Charles and Henry Greene were brothers
and partners in the architectural firm Greene and Greene that flourished in the early
twentieth century in Pasadena, California. They created a distinctive residential
architecture, now known as California Craftsman, designing houses mostly in Pasadena. In
some cases they also designed interior fixtures and furniture to complement the
architecture. The firm, founded in 1894, dissolved in 1922. Even before the formal
dissolution Charles and Henry each created independent works and also occasionally
collaborated after the firm was dissolved. Although celebrated in their own time, the
Greenes were largely forgotten after 1920. Their work was re-discovered in the late 1940s by
modernist architects and their admirers, and one of their major works, The Gamble House,
opened as a museum in 1966. The rediscovery of the Greenes' work led to a new appreciation
of the bungalow and to a national revival of the Arts and Crafts movement.
Charles Sumner Greene (1868-1957) and Henry Mather Greene (1870–1954) were born in
Cincinnati, Ohio. The family soon moved to St. Louis, where Charles and Henry grew up. In
the mid-1880s, they entered the Manual Training School of Washington University. The school
stressed work with the hands as a way to train young people to enter the professions and
industry. In 1888, the brothers headed east to Boston, where they enrolled in the two-year
architecture course for "Special Students" at the Massachusetts Institute of Technology.
After apprenticing at various Boston firms, the brothers moved to Pasadena, California, to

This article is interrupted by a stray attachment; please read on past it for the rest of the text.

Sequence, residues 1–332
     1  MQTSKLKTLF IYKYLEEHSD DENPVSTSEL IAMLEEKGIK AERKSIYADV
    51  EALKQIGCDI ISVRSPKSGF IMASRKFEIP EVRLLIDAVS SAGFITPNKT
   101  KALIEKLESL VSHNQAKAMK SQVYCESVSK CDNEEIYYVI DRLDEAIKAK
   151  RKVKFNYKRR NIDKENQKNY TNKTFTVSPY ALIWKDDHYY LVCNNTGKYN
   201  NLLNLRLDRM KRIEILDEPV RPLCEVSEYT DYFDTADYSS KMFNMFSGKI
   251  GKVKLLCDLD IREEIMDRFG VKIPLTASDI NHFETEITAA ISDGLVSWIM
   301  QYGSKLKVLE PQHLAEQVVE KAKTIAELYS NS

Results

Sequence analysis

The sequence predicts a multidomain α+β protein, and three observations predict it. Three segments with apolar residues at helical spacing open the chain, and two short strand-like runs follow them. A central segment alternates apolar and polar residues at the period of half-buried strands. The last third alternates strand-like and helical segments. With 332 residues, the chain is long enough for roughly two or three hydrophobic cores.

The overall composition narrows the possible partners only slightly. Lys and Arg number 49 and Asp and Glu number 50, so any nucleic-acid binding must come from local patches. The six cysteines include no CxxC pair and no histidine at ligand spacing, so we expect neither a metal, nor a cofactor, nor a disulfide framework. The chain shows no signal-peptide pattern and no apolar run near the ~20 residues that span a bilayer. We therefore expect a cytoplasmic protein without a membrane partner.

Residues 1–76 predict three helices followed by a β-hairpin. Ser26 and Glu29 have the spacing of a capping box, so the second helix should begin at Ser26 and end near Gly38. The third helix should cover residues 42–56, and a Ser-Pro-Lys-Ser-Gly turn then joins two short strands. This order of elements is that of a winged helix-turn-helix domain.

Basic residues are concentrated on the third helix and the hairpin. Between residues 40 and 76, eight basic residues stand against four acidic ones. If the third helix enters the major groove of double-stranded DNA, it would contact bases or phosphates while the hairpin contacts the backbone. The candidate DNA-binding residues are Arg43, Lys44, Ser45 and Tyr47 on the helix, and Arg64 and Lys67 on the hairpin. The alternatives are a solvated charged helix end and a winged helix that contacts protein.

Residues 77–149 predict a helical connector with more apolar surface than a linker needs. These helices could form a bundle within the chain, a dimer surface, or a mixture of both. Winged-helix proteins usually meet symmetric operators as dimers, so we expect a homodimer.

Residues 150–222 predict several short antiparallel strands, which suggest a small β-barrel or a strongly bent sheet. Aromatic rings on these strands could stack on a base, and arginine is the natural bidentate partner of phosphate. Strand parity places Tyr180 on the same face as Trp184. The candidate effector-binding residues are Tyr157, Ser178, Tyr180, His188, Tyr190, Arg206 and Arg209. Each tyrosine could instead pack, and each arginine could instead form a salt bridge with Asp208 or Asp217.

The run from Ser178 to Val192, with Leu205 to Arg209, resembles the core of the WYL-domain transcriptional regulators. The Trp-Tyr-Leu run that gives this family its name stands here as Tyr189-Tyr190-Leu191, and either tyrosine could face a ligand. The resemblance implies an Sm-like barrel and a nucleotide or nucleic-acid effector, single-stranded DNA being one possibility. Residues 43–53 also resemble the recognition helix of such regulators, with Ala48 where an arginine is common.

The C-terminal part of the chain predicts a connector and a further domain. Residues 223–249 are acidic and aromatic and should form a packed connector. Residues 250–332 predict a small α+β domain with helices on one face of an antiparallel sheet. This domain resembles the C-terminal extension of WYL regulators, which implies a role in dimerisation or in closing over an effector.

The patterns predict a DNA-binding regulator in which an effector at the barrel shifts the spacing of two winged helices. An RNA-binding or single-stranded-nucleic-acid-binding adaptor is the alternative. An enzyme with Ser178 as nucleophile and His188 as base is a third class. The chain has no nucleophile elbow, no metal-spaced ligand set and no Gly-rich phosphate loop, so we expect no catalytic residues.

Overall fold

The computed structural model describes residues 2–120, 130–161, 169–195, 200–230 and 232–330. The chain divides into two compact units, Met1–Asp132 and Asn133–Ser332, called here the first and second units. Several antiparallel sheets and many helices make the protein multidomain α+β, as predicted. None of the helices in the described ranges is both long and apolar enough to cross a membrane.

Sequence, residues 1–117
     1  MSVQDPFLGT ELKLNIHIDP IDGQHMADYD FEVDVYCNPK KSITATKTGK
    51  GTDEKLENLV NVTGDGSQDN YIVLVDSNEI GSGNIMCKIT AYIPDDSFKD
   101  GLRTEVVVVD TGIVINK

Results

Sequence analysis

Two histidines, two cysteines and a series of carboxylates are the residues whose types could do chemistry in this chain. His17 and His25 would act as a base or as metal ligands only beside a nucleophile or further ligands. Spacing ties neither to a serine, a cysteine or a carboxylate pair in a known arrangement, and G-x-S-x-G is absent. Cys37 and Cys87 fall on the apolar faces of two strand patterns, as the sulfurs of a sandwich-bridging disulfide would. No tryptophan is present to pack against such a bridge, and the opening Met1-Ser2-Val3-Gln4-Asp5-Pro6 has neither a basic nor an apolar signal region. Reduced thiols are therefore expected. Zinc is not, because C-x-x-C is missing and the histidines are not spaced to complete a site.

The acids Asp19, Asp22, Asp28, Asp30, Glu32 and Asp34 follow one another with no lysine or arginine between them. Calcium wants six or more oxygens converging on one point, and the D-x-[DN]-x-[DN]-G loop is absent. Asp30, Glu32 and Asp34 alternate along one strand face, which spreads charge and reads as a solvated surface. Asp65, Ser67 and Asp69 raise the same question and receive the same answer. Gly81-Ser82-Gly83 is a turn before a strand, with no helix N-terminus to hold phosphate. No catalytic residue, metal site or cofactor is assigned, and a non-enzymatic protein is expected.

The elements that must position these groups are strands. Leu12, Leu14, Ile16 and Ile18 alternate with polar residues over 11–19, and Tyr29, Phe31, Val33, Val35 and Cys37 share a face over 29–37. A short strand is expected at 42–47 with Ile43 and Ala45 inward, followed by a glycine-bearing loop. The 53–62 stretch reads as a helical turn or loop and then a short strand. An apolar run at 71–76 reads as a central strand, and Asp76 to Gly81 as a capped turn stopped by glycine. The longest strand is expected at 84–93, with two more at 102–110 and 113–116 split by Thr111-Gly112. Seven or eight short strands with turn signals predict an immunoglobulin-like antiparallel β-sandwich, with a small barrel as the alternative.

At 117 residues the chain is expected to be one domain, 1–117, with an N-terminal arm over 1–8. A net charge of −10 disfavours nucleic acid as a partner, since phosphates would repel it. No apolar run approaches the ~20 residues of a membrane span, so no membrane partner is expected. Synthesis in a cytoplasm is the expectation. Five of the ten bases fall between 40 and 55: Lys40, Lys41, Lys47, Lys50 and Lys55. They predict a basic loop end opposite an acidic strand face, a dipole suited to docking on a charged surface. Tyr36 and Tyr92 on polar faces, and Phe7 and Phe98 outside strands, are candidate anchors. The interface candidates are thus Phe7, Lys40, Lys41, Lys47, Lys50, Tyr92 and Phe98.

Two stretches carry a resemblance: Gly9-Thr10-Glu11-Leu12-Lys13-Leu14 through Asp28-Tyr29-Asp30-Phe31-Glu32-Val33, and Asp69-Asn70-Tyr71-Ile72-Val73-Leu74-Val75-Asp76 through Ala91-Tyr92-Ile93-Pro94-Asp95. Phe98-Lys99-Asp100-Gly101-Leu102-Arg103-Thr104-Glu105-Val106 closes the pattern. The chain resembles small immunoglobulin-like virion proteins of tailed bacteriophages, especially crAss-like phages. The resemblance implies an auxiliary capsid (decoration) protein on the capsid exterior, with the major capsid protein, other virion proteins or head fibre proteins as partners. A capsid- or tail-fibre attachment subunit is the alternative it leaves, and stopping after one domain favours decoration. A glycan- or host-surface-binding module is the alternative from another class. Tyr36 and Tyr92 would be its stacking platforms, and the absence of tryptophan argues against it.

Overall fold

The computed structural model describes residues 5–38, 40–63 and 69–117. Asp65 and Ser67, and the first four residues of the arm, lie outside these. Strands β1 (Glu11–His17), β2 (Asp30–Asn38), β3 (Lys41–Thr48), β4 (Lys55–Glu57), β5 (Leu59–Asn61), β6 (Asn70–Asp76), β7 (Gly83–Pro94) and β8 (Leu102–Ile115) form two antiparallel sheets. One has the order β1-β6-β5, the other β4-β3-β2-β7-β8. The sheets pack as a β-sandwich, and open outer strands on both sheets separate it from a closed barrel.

join their parents; they opened their firm in Pasadena in 1894. The first decade of the
twentieth century saw the development of the firm's distinctive California Craftsman
residential architecture, inspired by the theories of the Arts and Crafts movement, as well
as New England Shingle Style houses, European and English architecture, and Asian art and
design. Houses for James Culbertson (1902 and later), Mary Darling (1903), Theodore Irwin
(1906), Robert R. Blacker (1907), David Gamble (1908), William Thorsen (1908), and Charles
Pratt (1910) established the firm's reputation. Charles moved to Carmel in 1916 to pursue
the life of an artist and writer, while Henry remained in Pasadena; the firm was officially
dissolved in 1922. Each brother produced works independently, Charles designing the D. L.
James house (1918 and later) and Henry designing the Thomas Gould, Jr. and Walter Richardson
houses (1920, 1929 respectively). Although their work was largely forgotten between the
wars, the Greenes lived to see renewed recognition of their achievements after World War II,
when they were honored by the American Institute of Architects, Southern California Chapter
(1948) and by the national AIA (1952).
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